Michigan accounted for 20,154 cases last week, making it the third consecutive week to break weekly records. It shattered the record set the week before of 13,129 confirmed cases and the 10,241 cases recorded three weeks ago.

The United States added a record of 121,890 cases and 1,210 deaths Friday, totaling 9.6 million cases and 234,900 deaths, according to Johns Hopkins University. 

While testing for the virus has increased greatly, Michigan is also seeing upticks in hospitalizations and deaths linked to the virus.

As of Friday, the state reported 2,088 people were hospitalized with confirmed cases of the virus. Of those hospitalized, 202 people were on ventilators and 484 were in intensive care units. The state also reported 323 people hospitalized with suspected virus cases.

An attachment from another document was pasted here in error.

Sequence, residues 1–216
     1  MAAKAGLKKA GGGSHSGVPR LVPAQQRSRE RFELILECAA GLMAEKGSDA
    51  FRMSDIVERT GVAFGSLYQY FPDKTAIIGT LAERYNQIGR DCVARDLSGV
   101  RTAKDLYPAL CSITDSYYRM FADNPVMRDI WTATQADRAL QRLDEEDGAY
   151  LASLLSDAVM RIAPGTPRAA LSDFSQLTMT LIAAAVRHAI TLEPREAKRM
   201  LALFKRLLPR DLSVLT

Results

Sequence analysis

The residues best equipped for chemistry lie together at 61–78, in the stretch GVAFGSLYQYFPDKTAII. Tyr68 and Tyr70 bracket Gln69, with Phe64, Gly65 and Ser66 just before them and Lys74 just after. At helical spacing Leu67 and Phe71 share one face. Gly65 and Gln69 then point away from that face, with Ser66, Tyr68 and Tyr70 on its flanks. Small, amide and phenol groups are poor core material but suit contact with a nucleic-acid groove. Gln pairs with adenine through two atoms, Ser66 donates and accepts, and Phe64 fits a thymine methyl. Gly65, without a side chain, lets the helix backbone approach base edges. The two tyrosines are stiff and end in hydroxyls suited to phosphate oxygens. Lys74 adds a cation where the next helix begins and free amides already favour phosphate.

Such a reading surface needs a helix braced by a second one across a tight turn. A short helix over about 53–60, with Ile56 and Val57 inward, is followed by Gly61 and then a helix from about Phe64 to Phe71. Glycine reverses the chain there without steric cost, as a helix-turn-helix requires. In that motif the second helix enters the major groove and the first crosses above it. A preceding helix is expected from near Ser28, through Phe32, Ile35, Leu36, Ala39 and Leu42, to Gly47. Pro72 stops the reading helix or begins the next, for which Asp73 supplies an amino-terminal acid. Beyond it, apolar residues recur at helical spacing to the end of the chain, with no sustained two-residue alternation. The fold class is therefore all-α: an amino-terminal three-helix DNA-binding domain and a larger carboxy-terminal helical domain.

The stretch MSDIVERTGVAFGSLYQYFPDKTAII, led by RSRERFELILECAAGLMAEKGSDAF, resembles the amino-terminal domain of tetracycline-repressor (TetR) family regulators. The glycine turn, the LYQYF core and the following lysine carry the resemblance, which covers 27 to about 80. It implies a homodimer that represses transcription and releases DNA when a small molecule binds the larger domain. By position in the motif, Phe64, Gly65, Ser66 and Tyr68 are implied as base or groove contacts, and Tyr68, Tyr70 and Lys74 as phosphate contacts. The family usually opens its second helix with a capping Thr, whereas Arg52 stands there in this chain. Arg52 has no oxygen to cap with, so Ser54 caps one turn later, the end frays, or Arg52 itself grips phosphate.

"Hospitalizations are almost four times more than we saw at the end of August," Khaldun said. "We're not yet seeing hospitalizations we saw in the spring but they are rapidly rising. About 60% of COVID hospitalizations are occurring outside of southeast Michigan."

As hospitalizations increase, officials expect deaths to follow in weeks.

"Our seven-day average for deaths is 19, twice what it was at the beginning of September. We have models that estimate if we don't do anything else, if we don't change our behaviors, we could be seeing 100 deaths a day by the end of December," Khaldun said. "We are really at a tipping point right now."

Local health departments are investigating 590 outbreaks across the state, the largest since the beginning of the pandemic. They're occurring in long-term care, schools, manufacturing, constructions, health care and social gatherings, the state said.